Q&A - If I sign a five year lease can I get out of it if the business does not work?

Q: I have always wanted my own business and after being made redundant earlier this year I decided I would look for premises that would be suitable for a café as I have always loved cooking. Having searched for several months I could hardly believe my luck when I found an existing café business for sale. The problem is that the lease on the premises is for five years and as this is a completely new venture that makes me nervous. Can I get out of the lease if I decide I can’t make it pay after all?

A: When you sign a lease it is effectively the same as signing post-dated cheques for the rent up front, for every month right through to the end of the lease. Therefore, unless the Landlord will agree that the lease gives you the right to terminate the agreement early – this is usually called a “break clause” - you will be liable to pay the rent for the whole of the contractual term.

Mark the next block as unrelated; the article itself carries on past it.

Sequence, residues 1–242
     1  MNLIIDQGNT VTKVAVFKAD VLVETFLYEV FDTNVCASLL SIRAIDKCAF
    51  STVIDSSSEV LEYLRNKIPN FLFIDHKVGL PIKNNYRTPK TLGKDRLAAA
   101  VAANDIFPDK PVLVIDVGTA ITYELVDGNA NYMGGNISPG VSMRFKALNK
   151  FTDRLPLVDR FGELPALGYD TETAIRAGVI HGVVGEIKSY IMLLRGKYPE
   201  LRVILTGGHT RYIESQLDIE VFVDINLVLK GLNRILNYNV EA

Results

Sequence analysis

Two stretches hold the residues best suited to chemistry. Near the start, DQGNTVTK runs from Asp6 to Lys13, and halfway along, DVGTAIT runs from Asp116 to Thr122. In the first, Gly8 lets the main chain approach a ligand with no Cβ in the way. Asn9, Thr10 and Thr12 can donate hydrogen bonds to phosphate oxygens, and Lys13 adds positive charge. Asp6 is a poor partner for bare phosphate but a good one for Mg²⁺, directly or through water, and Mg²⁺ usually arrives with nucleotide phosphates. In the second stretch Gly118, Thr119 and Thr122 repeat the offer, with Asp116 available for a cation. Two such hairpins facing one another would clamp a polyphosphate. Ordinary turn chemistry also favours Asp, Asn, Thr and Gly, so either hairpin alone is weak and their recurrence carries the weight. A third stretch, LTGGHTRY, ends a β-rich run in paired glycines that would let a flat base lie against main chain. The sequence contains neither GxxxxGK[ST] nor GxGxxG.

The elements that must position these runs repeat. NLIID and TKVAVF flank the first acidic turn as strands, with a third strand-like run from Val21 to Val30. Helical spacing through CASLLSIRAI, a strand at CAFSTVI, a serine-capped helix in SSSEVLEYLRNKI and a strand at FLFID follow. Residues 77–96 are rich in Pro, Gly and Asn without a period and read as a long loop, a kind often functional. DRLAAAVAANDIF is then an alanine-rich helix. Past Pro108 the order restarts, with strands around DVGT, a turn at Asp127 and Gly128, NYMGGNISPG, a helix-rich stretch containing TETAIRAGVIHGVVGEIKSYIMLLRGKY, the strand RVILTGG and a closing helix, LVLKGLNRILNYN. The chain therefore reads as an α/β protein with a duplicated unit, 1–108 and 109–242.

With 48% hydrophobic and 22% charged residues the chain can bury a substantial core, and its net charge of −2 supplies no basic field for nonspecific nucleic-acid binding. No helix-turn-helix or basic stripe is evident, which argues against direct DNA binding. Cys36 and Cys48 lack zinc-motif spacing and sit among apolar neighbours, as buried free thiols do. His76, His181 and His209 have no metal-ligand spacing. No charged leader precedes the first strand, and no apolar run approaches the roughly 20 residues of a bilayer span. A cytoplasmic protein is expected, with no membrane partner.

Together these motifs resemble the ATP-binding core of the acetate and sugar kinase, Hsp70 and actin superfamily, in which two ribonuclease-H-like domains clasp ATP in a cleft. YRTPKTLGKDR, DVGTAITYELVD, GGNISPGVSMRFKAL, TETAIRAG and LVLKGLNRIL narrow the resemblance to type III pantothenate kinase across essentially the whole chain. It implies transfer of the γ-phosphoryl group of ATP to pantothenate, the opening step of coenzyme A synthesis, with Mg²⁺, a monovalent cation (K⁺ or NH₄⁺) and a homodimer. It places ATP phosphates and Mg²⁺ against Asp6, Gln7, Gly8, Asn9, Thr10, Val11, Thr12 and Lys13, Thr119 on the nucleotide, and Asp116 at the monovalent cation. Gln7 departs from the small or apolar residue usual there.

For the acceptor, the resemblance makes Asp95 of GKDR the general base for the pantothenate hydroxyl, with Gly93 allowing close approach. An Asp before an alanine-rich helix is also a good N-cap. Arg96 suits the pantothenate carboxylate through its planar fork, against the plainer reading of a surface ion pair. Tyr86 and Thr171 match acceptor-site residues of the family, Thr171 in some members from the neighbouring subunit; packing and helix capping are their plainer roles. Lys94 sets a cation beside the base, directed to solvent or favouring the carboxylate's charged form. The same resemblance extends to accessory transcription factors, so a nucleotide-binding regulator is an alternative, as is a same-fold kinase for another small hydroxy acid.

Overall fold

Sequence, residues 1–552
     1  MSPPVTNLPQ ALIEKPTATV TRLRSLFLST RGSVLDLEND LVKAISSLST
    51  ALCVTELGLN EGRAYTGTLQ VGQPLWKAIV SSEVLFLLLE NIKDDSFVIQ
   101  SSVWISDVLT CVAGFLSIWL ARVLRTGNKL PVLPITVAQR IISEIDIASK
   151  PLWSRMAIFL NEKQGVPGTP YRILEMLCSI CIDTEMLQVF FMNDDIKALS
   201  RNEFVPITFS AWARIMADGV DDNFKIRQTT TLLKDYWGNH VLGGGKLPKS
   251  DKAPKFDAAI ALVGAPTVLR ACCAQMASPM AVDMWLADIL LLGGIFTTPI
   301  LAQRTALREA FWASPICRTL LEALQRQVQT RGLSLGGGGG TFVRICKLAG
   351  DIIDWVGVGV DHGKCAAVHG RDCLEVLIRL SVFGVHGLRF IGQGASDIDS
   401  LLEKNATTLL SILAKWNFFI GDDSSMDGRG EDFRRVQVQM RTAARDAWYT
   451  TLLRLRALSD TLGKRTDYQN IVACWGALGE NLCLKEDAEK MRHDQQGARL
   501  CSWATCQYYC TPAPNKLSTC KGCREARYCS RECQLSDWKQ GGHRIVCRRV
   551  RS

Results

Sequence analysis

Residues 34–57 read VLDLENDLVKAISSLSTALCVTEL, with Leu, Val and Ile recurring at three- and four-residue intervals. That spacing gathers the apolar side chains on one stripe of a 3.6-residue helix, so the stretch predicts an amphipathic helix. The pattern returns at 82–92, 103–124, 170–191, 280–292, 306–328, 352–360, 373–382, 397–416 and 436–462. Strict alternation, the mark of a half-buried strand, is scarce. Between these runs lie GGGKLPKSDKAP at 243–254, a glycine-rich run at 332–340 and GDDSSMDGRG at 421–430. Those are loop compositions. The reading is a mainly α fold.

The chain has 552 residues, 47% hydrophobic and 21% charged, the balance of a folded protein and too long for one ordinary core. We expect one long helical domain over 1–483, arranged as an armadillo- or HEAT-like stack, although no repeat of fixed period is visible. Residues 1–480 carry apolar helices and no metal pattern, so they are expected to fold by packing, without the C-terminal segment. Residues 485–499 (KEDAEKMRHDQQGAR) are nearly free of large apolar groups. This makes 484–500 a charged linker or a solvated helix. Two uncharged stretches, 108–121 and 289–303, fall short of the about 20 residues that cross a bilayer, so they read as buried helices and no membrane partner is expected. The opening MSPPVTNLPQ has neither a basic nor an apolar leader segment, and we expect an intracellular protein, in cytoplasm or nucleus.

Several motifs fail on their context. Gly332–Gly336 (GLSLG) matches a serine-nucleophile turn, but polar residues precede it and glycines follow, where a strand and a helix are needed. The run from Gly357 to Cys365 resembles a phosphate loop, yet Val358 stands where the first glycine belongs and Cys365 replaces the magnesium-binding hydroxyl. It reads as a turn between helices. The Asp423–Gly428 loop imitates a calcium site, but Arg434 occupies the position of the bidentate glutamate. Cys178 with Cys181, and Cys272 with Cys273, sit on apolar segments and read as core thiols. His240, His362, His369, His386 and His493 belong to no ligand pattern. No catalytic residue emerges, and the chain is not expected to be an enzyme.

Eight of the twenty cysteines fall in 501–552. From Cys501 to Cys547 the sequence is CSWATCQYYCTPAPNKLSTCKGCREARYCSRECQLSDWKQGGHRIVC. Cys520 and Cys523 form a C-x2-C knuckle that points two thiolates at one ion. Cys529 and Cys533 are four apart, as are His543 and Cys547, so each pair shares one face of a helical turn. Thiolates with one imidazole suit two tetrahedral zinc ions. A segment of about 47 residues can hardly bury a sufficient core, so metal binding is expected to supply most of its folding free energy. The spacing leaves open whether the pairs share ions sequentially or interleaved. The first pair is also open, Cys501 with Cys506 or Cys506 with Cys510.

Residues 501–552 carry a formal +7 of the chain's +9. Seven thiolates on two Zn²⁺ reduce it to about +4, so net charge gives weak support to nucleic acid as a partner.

Your only other option of getting out of the lease would be if it was possible to assign the lease to someone else. Assigning it means you would be transferring it to someone else, but you could only do this with the landlord’s agreement. Generally speaking, the landlord will only agree to a lease being assigned if the new tenant can be shown to be able to pay the rent. The landlord will invariably require that you also sign an agreement saying that you will pay the rent if they fail to do so. This is called an authorised guarantee agreement – often referred to as an AGA.

Before signing any tenancy or other agreement you should ask an experienced commercial lawyer to check it over.